Frame Check Sequence Recorded in STP

This evening I was preparing to teach day 2 of my TCP/IP Weapons School class at USENIX. I decided I wanted to get a trace of Spanning Tree Protocol (STP) so I connected back to a box in my lab and ran Tshark. When I brought the trace back to my desktop to view in Wireshark, I saw the following:

How/why Tshark capture the FCS for this frame? I looked at other traffic (i.e., non-STP traffic) and did not see a FCS. The only other interesting aspect of this frame is the fact that it is pure 802.3 and not 802.3 with a LLC SNAP header, like this CDP frame:

I usually see 802.3 with a LLC SNAP header or just Ethernet II.

Does anyone have any ideas?


Anonymous said…

The length of your first example 802.3 frame is 52 bytes (38 + 14 ethernet header). This is 8 bytes under the minimum frame size of 60. This means we have a trailer padding of 8 bytes. In most captures, you would normally stop here.

In this case however, we have 64 bytes, which is 4 bytes of padding over and above the minimum 60 bytes. Wireshark just guesses that these extra 4 bytes might be an FCS instead of just gibberish. It proceeds to do a CRC32 and reports it as FCS.

The second packet in your example has a length of 359 bytes, which is way above the minimum 60 bytes. This means there is no need for pad-to-60 trailer bytes. There are no padding bytes for Wireshark to interpret as FCS.

The STP/LLC/SNAP protocols have no bearing on how tools like Wireshark handle the padding bytes.

Most of us already know this, but Wireshark is actually pretty smart in little intricate things like these. Most other products would have just reported the entire 12 bytes (64-52) as trailer padding and be done with it.

It is these little things that make Wireshark so cool.

Your explanation makes sense, but why would the "FCS" not be more 00s, and why does Wireshark report the FCS as "correct"?
Anonymous said…
The FCS on the wire is a 32-bit CRC on the entire frame. In case of your first packet, the CRC is computed over the entire 60 bytes including the 8-byte trailer padding (which has been zero-ed in this case).The CRC is tacked on to the 60 bytes to make the minimum 10/100 ethernet size of 64 bytes.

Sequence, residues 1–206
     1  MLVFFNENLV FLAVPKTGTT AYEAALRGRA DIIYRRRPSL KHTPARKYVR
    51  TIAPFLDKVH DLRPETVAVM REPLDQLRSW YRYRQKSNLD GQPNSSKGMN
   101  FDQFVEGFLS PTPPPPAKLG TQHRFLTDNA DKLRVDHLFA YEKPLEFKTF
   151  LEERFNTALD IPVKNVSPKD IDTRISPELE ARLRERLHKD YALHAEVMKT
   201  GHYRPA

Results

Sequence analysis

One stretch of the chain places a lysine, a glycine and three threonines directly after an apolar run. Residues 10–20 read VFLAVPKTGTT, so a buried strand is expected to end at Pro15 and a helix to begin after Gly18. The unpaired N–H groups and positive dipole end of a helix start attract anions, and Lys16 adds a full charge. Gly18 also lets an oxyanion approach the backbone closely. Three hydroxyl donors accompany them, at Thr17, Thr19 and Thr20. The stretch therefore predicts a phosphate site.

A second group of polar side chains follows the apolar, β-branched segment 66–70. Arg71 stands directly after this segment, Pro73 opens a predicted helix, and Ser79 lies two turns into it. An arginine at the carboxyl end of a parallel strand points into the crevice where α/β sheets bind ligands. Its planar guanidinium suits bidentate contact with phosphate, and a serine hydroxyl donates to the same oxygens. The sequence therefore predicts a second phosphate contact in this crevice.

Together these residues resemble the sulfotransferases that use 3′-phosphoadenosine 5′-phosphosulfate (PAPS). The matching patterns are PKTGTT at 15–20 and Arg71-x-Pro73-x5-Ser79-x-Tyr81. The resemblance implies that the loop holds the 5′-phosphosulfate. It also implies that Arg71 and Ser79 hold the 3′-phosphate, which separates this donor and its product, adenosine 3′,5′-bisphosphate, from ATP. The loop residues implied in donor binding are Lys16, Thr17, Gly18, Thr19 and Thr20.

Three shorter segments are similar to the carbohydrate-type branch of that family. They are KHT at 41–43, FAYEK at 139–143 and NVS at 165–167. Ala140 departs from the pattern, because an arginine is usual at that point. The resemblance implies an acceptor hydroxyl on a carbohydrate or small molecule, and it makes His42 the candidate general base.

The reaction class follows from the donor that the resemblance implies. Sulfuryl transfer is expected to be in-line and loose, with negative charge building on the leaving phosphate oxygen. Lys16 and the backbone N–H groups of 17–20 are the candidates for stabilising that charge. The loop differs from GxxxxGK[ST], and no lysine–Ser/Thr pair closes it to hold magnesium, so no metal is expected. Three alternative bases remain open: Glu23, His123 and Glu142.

When dealing with short payloads, many NICs pass only the first 60 bytes up the driver stack to Wireshark. It seems yours passed on the FCS (the CRC) as well.

Wireshark just guesses that the 4 bytes over and above the trailer padding might be a valid CRC passed up from the NIC. So, it proceeds to compute a 32-bit CRC on the first 60 bytes. It then compares the computed value against what was on the wire. It declares it to be correct if they matched.

As you point out, some NICs might even zero out the CRC (FCS). In that case, Wireshark will just declare the CRC to be wrong !

I just cross checked with the Wireshark code
Ryan Russell said…
Yep. Ethernet has a minimum frame size of 64 bytes. You'll get bits of leftover memory with some Ethernet drivers to pad out the rest of the frame.
Anonymous said…
One side point about checksums in Wireshark.

Newer NICs can/do perform checksum offloading. The network driver won't calculate the checksum itself but simply hand over an empty (zero or garbage filled) checksum field to the hardware.

Also, checksum offloading often causes confusion as the network packets to be transmitted are handed over to Wireshark before the checksums are actually calculated. Wireshark gets these "empty" checksums and displays them as invalid, even though the packets will contain valid checksums when they leave the network hardware later.

You might want to disable checksum validation in Wireshark. Otherwise you get annoying errors.
Unknown said…
I have other questions in the same context:

1) why wireshark detecte tailer some times and another no
2) who I can send a frame without padding in order to send a frame less than 64 bytes ?
Anonymous said…
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